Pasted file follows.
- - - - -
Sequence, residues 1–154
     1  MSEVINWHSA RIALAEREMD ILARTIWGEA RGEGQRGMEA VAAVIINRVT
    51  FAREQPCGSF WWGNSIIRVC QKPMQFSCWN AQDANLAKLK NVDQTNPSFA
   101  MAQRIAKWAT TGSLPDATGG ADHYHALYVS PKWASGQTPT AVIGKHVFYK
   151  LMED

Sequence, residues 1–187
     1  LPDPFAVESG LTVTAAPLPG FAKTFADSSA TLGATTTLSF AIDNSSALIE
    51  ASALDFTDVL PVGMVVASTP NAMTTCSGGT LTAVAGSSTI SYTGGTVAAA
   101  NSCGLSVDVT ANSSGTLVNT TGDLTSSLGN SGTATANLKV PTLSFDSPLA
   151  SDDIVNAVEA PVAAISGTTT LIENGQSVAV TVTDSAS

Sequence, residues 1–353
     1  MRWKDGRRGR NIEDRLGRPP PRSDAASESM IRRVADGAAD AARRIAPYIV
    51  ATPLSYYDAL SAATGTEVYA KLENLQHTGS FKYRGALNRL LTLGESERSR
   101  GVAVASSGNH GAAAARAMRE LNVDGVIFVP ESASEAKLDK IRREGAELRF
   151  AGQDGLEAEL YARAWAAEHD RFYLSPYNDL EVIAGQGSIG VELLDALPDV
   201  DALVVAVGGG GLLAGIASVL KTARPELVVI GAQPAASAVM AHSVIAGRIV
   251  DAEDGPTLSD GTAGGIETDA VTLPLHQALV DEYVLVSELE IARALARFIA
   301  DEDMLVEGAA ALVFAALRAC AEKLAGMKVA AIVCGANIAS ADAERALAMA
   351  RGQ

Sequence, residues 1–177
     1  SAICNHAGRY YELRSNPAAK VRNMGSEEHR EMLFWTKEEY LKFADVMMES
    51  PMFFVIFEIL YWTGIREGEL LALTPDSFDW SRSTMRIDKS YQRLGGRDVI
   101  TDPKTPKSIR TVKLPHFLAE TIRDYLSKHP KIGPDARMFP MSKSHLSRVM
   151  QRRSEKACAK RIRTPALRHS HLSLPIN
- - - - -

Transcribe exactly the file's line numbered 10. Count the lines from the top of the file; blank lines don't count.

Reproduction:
   151  SDDIVNAVEA PVAAISGTTT LIENGQSVAV TVTDSAS